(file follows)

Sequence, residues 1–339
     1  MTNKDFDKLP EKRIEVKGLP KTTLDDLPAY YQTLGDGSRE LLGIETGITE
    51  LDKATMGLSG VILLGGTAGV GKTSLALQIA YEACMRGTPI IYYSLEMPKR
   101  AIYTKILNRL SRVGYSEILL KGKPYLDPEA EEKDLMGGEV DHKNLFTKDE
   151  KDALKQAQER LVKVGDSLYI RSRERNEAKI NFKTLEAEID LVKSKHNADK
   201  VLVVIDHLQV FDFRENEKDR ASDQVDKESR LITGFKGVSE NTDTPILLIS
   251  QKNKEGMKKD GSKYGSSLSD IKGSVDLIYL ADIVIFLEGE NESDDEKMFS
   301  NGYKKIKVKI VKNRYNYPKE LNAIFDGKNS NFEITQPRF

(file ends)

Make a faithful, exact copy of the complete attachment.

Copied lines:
Sequence, residues 1–339
     1  MTNKDFDKLP EKRIEVKGLP KTTLDDLPAY YQTLGDGSRE LLGIETGITE
    51  LDKATMGLSG VILLGGTAGV GKTSLALQIA YEACMRGTPI IYYSLEMPKR
   101  AIYTKILNRL SRVGYSEILL KGKPYLDPEA EEKDLMGGEV DHKNLFTKDE
   151  KDALKQAQER LVKVGDSLYI RSRERNEAKI NFKTLEAEID LVKSKHNADK
   201  VLVVIDHLQV FDFRENEKDR ASDQVDKESR LITGFKGVSE NTDTPILLIS
   251  QKNKEGMKKD GSKYGSSLSD IKGSVDLIYL ADIVIFLEGE NESDDEKMFS
   301  NGYKKIKVKI VKNRYNYPKE LNAIFDGKNS NFEITQPRF